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Calving in synch with nature

Progressive Cattleman Associate Editor Carrie Veselka Published on 24 August 2017
Foarage availability can chage from region to region

The ideal season for calving has been a hot topic for ranchers over the last several years. The traditional time of year for calving season stretches anywhere from late February to early May.

This calving schedule is mostly dictated largely by cattle markets and has spawned countless “calving-season stories” of battling blizzards, sickness and the devil himself in order to successfully bring another year’s calf crop into the world.

Another popular method is fall calving, where calving starts as early as late July and stretches through October. Some of the touted benefits of this system are the decrease in sickness, ease of calving, lower labor costs and more room in the market at weaning time.

Calving time is ultimately the producer’s choice and so varies according to individual needs and practices on their operation.

For Kit Pharo, a rancher in eastern Colorado, calving time is dictated by the herd’s nutritional needs before and after calving and the availability of forage to meet those nutritional needs. In a presentation to cattle producers at the Northwest Grazing Conference in Pendleton, Oregon, Pharo discussed the concept and workability of changing production cycles to reflect the available forage resources at that time of year.

For the western U.S., forage availability and nutritional value is low in the winter and high during the summer months, although forage availability tends to have a different timetable in different parts of the country.

Pharo said a cow going to calve in March and wean its calf in October will require a high level of nutrition during calving and the early growth period of the calf. Those nutrition requirements will decline as the calf’s dependence on the cow’s milk declines.

“What I want to do is match what my cows need to eat with my ranch’s resources,” he said. “My ranch, at the point when this cow is calving in March, is not producing enough to meet her needs. I’ve got to artificially fill in that gap, and it’s going to take money to do it.”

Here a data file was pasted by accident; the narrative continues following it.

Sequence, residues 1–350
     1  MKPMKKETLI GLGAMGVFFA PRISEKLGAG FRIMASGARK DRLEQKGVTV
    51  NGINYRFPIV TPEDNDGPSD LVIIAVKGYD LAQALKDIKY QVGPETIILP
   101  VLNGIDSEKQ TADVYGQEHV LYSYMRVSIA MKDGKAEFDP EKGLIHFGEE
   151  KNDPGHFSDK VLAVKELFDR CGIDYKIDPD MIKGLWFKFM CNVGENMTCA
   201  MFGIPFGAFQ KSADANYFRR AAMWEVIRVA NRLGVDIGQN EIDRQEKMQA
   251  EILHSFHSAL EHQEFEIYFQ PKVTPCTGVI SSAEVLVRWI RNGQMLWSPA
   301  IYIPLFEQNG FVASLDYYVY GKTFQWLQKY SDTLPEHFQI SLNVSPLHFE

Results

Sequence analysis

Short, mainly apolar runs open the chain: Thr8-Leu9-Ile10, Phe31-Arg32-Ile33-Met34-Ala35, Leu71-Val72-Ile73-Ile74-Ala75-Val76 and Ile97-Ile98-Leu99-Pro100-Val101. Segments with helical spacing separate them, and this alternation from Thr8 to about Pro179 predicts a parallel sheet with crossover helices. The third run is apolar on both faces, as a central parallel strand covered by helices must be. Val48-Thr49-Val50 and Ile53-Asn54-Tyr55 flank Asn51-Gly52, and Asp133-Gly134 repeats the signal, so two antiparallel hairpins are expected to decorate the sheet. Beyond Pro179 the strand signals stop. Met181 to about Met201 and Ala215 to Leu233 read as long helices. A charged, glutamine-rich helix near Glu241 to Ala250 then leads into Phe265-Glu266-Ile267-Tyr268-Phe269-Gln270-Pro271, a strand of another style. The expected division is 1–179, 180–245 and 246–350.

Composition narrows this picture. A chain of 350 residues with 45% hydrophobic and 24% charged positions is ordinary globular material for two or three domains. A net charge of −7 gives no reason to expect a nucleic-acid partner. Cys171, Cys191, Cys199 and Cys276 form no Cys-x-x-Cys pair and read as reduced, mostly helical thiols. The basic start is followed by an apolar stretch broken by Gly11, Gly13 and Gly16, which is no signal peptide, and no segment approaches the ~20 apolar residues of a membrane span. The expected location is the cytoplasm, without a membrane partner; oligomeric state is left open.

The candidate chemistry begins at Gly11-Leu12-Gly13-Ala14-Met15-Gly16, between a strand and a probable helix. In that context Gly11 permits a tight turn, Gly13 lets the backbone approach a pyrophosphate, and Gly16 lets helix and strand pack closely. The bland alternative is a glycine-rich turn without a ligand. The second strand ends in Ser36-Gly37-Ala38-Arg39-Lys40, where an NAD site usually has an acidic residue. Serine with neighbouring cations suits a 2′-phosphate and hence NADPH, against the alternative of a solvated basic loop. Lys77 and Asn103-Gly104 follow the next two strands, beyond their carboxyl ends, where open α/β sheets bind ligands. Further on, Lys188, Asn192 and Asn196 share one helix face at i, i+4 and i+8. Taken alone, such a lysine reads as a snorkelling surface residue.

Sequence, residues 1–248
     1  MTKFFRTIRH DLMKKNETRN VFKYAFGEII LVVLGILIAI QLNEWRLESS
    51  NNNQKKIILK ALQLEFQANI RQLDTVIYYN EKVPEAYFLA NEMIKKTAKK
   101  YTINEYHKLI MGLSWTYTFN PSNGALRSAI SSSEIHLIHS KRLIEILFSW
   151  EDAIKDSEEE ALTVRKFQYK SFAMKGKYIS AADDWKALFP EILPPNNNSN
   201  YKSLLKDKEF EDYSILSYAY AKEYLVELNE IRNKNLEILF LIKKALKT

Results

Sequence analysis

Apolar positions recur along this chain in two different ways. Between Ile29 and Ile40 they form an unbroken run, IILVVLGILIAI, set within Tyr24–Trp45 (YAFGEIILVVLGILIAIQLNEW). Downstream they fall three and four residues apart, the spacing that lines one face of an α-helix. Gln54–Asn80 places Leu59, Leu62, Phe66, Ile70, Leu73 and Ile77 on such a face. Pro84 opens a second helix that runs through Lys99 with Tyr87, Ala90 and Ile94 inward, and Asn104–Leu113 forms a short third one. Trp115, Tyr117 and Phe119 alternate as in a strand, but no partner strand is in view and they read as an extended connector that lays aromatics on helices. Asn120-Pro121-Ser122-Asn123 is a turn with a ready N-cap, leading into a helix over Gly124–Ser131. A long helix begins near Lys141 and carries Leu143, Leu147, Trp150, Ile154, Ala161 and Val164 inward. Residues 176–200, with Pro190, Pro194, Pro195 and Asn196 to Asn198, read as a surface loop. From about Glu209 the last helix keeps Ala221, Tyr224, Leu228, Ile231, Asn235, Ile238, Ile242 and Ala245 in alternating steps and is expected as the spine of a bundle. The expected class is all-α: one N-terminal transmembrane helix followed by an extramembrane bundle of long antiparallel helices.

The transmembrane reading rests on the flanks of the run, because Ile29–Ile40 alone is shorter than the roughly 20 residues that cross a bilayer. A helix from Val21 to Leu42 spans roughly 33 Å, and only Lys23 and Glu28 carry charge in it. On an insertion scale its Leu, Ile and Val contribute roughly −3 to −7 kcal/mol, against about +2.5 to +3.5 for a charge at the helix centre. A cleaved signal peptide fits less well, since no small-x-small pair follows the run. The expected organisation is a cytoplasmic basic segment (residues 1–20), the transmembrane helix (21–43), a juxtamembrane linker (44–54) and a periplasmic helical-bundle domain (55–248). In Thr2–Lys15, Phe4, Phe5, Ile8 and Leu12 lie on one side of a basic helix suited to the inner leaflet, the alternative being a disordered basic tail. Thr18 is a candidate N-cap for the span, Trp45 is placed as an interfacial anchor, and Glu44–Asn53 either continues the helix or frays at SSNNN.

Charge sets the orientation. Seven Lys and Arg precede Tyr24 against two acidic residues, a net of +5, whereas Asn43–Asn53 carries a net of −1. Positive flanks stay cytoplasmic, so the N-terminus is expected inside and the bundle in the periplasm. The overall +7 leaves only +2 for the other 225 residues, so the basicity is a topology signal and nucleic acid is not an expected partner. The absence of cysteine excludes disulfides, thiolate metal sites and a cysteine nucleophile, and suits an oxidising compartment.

Pharo said the natural cycle of grass should have a more powerful voice in deciding the calving schedule. He uses wildlife reproduction cycles as an example. “Have you ever wondered why wild animals don’t have their babies in February and March? It so happens they shouldn’t.” He said wildlife throughout North America like deer and elk have their babies anywhere from April to June.

Pharo said producers often mistakenly think the farther south they go, the earlier they can calve. “In Chihuahua and parts of northern Texas and Arizona, it’s dependent on the monsoons,” he said. “The toughest months are March, April, May and June before the rains start coming.”

Pharo compares the March-calving cow with one calving in late May. The May cow’s nutritional needs are roughly the same – high around calving and gradually declining until weaning.

But instead of hitting the high forage availability and quality window months after the cow has had its calf and the cow’s nutritional needs have already started to decline, nutritional needs – high, right after calving – are matched by high forage availability and nutritional value instead of being supplemented with hay or other feed provided by the producer.

“That difference, in my part of the world, could mean $80 to $100 in savings per cow,” Pharo said. “Benjamin Franklin said, ‘A penny saved is a penny earned.’ The easiest money we’re going to make in this business is the money we don’t spend.”

Pharo used a neighboring ranch in eastern Colorado as an example. The owners decided to change from March calving to May calving to see what would happen. He said the first change they saw was a decrease in labor and feed expenses by 70 percent. “You can’t calve in eastern Colorado without feeding hay, which takes time and labor plus the expense of the feed. Changing to May calving would eliminate that need.”

Another improvement they noticed was having 90 percent of their calves born in the first 30 days of their calving season. “You can’t do that when you’re calving in March, no matter how much hay you feed,” Pharo said. The individual weaning weights of the May calves were lower than the March calves but, thanks to a low calf mortality rate, as a herd, they produced more total pounds than the March-calving herd.

“Even though the individual weaning weights are smaller, they are producing more total pounds with smaller calves. And how can you do that?” he asks. “More live ones. Dead calves have distressingly low weaning weights.”  end mark

PHOTO: Since forage availability can change from region to region, the right time for calving season is best left up to the individual producer. Photo by Carrie Veselka.

Carrie Veselka
  • Carrie Veselka

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